The bound body of 10-year-old Anthony Michael Martinez--pulled naked from a sun-blasted desert ravine--was identified after an autopsy Sunday, ending a nationwide hunt for the abducted child but renewing the search for the kidnapper police now believe killed him.
"It can't stop here," Beaumont resident Carol Smith vowed. "This is just the beginning."
Authorities used dental records to confirm that the body a federal ranger discovered Saturday in Berdoo Canyon was Tony. The boy had been kidnapped at knifepoint while playing in an alley outside his Beaumont home April 4. His badly decomposed body, bound around the ankles and wrists with duct tape, was lying just off a rugged road in the canyon, half-covered with rocks.
Circling vultures had led the Bureau of Land Management ranger to the spot.
"This is the worst thing that has ever happened in our town," Beaumont Police Lt. John Acosta said.
Saying they did not want to compromise their investigation, authorities released few details about the case. They would not say whether Tony's body appeared to have been molested. And they would not divulge the cause of death, although they said it was obvious from looking at the body.
The Riverside County district attorney's office has already assigned a prosecutor to the case. Federal and local authorities have 100 investigators working two shifts around the clock.
"We know we're going to get this guy," said Riverside County Sheriff Larry Smith.
But officials acknowledged Sunday in a news conference at the Riverside County Sheriff's headquarters that they have no solid leads, even though they have received nearly 4,000 tips since publicizing the abduction two weeks ago.
"We don't have any idea who the suspects are. Everything is just speculation," said Mark Lohman, a spokesman for the Riverside County Sheriff's Department.
Authorities believe the crime was the work of a practiced sexual predator.
Certainly, the abductor had a well thought-out plan: He approached five children and asked them to help him find his lost kitten, holding out a photo of a cat and a dollar bill as inducements. When two of the children ran away in fear, the kidnapper pulled a knife out of his waistband, grabbed Tony and fled in a white car with red pinstripes and no hubcaps.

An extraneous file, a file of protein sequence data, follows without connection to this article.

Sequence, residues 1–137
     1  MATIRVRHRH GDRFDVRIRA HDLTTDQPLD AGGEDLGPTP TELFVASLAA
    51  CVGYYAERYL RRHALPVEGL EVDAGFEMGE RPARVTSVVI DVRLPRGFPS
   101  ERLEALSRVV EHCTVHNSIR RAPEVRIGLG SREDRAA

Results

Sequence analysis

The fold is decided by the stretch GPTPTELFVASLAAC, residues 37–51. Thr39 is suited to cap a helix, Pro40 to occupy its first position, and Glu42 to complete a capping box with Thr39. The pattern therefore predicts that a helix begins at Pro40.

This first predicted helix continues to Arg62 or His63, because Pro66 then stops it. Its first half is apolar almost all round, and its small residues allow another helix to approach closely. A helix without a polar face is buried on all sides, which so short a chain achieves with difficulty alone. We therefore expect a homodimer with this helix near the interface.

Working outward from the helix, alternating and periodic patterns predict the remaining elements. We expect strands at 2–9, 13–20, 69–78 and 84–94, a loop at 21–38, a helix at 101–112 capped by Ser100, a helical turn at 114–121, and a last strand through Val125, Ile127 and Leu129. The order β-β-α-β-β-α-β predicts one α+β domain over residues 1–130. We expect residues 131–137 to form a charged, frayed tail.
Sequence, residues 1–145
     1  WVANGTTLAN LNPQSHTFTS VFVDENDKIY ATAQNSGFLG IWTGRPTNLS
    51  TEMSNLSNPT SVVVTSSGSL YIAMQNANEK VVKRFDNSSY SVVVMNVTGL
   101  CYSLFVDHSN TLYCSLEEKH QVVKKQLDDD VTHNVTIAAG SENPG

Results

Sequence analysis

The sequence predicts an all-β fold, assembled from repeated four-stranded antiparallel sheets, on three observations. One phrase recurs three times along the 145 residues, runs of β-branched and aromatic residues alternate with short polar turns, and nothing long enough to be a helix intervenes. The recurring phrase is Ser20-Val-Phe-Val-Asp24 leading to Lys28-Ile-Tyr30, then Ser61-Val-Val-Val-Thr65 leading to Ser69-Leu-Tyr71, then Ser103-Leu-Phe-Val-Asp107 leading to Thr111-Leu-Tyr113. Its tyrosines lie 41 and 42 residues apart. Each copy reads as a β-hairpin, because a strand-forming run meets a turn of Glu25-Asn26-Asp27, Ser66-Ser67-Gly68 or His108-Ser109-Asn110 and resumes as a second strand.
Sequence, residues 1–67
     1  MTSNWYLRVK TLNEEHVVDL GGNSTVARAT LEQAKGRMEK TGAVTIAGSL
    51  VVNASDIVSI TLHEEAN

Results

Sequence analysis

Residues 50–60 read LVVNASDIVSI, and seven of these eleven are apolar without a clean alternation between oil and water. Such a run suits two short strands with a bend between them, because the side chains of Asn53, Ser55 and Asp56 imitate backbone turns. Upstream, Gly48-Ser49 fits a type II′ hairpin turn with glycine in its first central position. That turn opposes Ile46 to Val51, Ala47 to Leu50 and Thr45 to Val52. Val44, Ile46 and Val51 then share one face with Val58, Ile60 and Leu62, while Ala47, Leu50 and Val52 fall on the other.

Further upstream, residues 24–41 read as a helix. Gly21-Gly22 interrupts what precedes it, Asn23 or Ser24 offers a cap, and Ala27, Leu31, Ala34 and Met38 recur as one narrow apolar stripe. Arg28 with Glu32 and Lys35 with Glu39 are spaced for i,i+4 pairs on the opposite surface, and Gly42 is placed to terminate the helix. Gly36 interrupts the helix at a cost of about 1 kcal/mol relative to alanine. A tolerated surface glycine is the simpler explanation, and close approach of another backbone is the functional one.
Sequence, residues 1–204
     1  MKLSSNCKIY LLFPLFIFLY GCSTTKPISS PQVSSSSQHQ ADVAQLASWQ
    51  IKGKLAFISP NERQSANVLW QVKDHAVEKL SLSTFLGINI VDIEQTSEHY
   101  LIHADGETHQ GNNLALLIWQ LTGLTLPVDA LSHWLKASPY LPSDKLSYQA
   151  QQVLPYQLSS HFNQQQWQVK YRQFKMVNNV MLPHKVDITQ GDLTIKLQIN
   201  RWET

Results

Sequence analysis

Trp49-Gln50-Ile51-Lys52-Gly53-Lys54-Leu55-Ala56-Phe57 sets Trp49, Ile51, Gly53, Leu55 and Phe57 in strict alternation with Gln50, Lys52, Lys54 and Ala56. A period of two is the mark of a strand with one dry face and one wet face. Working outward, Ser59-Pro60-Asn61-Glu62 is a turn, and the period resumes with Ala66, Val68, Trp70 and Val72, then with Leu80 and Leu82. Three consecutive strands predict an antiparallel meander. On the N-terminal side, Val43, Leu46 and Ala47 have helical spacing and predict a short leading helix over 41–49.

The other children described the suspect as a white male of slender build, with blue eyes and a mustache. Police estimate his age at 25 to 35 years old and his height at 5 feet, 8 inches. "This is obviously . . . a very dangerous criminal," Smith said.
Aided by the FBI, Riverside County deputies spent most of Saturday seeking hints about the suspect's identity in Berdoo Canyon, a barren area about 70 miles east of Beaumont that is a popular teenage party spot.
As gunshots echoed in the canyon's open shooting range and tourists rattled past on their way back from Joshua Tree National Park, investigators collected the shell casings that littered the terrain and photographed every possible clue. They even brought in an archeologist, saying that they hoped he would look at the scene from a different perspective.
After studying the makeshift grave--which lay about 100 feet from the nearest road--authorities could not immediately determine whether Tony's body had been covered deliberately or whether rocks had tumbled from the cliff above onto his legs.
The parts of his body that had been exposed, including his head, had decomposed so severely that the bones were visible. With the body in that condition, medical examiners could not determine how long Tony had been dead. Their only conclusion: He could have been killed as little as two days or as long as two weeks ago.
The confirmation of Tony's death shocked the small farming town of Beaumont, which had pulled together in an astounding display of community spirit after the abduction. When a group of about 20 volunteers heard the news outside the civic center Sunday afternoon, most broke down, their resolute optimism dissolving.
One man slammed his hand on his truck. Another kicked a chair across the lawn. A teenager took off running. Others sobbed.
But after giving into their grief for a few moments, many of the volunteers rallied with a fierce new goal: to find the killer and make him pay.
"OK, we're here to pick up some more fliers, so let's pick them up," 35-year-old Lori Stephenson said, squaring her shoulders after a short, anguished cry.
Carol Smith, a local business owner, echoed that determination. "Anthony's death is going to serve a purpose," she said. "It's going to keep the rest of the kids safe."
Times correspondent Diana Marcum contributed to this story.